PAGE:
It has taken me 29 years to realize the negative energy all these lists and resolutions have brought into my life. This may sound cliche, but in time I've come to discover the truth behind this sentiment: Lists are detrimental to my mental health because they focus on everything I have not done. My lists are a constant reminder of how I've failed by not completing what's on them. Am I really less of a person if I don't do laundry, vacuum, plan my meals for the week and get groceries all before noon? That's a lot of stress for... no one's expectation but my own, really.
I don't know where this tendency for list-making and goal-setting came from. I recently found a list I made of "100 things I want to do before I die" that I made in junior high school. Is it normal for 13 year olds to be thinking about these kinds of things?! Of course this discovery made me laugh, but it also made me a little sad.
You know, sometimes it's hard to be nice to yourself. It's so easy to bend over backwards for other people, put other's before yourself. And of course, never to expect anything from anyone. When I truly think of what my expectations are of others they're simple: to be kind, respectful, and take responsibility. Well, why is it so hard to expect just these things from myself?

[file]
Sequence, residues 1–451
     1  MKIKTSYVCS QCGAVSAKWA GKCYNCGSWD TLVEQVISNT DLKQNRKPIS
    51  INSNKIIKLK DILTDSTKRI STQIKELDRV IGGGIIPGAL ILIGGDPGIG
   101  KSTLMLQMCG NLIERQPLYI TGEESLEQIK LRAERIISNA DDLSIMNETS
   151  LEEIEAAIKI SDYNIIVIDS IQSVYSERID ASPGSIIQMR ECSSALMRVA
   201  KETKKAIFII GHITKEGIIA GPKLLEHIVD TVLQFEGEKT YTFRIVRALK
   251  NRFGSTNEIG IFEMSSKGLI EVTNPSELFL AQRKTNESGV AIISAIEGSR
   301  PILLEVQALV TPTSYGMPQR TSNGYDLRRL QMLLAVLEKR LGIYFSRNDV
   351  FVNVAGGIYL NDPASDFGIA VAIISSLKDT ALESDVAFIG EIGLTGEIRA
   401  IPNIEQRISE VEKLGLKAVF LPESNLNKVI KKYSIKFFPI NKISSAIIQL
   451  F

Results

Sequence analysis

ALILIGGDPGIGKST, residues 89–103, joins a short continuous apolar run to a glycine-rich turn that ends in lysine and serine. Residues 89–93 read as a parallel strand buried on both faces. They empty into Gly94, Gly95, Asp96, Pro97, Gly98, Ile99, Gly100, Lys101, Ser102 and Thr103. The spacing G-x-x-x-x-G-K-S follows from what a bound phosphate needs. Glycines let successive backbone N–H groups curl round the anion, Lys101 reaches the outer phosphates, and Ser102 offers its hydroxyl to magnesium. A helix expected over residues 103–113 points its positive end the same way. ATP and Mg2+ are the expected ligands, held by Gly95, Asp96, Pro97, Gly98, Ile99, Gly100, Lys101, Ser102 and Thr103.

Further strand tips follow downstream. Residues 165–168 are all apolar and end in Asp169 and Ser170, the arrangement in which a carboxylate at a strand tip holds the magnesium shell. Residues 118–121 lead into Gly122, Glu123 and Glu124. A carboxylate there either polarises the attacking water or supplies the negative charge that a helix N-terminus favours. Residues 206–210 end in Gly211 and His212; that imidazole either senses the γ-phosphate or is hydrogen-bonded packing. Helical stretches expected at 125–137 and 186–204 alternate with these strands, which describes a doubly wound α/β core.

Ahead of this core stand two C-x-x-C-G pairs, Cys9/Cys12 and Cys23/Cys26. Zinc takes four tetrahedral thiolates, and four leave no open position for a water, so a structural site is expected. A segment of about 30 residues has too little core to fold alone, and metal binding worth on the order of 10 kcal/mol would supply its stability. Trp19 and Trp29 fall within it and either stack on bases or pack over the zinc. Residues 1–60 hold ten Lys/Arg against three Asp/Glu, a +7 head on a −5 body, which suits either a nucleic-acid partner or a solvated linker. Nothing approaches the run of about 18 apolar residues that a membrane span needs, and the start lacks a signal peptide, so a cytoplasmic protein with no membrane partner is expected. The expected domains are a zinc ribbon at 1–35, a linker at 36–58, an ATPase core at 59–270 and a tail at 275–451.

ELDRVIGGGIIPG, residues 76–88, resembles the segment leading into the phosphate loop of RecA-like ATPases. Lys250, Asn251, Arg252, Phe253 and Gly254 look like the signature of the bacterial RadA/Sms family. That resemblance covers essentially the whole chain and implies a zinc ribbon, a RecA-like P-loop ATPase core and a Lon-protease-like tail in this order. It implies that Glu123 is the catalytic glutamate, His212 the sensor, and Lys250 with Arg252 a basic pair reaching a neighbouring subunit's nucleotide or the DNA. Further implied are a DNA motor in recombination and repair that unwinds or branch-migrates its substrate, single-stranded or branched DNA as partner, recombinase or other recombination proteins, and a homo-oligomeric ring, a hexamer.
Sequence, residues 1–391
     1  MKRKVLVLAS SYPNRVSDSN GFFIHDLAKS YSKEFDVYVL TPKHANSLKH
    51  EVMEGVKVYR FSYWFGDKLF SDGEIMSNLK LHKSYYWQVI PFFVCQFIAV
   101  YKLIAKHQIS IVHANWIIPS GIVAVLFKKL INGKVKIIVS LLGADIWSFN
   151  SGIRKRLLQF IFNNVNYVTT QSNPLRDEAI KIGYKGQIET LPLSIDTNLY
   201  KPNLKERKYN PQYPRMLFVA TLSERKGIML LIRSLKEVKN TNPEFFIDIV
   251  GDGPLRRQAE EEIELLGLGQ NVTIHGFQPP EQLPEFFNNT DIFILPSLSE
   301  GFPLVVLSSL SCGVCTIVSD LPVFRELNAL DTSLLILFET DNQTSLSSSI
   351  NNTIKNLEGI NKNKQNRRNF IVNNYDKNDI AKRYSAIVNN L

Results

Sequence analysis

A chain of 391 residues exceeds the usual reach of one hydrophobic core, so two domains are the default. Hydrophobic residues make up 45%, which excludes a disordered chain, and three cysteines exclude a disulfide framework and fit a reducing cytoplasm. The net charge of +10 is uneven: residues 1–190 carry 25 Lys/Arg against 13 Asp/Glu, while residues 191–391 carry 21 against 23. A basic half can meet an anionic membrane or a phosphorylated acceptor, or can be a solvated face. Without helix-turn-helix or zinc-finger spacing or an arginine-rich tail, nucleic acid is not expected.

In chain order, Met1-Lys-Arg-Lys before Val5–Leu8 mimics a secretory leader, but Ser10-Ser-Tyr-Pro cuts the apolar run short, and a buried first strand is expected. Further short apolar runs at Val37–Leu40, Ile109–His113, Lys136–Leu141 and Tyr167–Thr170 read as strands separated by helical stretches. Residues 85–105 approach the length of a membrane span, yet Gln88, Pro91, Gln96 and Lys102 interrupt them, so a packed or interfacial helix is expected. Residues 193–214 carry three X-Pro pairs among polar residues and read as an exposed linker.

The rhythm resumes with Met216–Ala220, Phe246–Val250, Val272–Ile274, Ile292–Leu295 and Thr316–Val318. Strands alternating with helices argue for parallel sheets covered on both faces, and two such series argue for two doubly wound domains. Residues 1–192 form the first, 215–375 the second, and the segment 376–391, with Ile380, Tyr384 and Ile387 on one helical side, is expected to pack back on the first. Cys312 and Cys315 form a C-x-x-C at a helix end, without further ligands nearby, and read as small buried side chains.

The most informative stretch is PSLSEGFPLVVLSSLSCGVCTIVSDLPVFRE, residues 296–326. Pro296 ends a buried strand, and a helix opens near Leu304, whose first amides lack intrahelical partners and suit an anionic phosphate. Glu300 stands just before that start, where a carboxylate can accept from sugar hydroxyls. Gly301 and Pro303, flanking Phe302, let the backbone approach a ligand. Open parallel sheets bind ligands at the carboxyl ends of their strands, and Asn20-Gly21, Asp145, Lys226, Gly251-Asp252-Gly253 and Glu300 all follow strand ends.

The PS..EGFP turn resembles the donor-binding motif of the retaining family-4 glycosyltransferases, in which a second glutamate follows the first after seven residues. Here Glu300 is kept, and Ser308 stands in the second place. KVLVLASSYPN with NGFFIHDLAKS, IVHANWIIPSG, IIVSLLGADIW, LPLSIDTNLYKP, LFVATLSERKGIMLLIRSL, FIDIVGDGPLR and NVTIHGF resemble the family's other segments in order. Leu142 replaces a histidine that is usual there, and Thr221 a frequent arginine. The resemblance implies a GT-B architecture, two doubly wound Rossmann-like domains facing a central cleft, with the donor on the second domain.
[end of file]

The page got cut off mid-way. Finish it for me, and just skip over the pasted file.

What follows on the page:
I guess this ties in with a lot of society's expectations too. When I was younger and didn't really know what I was talking about, I used to say I begrudged the female revolution because now it wasn't just enough for a woman to take pride in her home and family life, but now she has to have an amazing career and be fit and beautiful on top of it. I didn't realize at the time this revolution was about having the choice. But still, I can't help but feel that many of us out there continue to believe we need to do it all. I bet those women make a lot of lists too. Because life can be hard to control. Making lists is easy.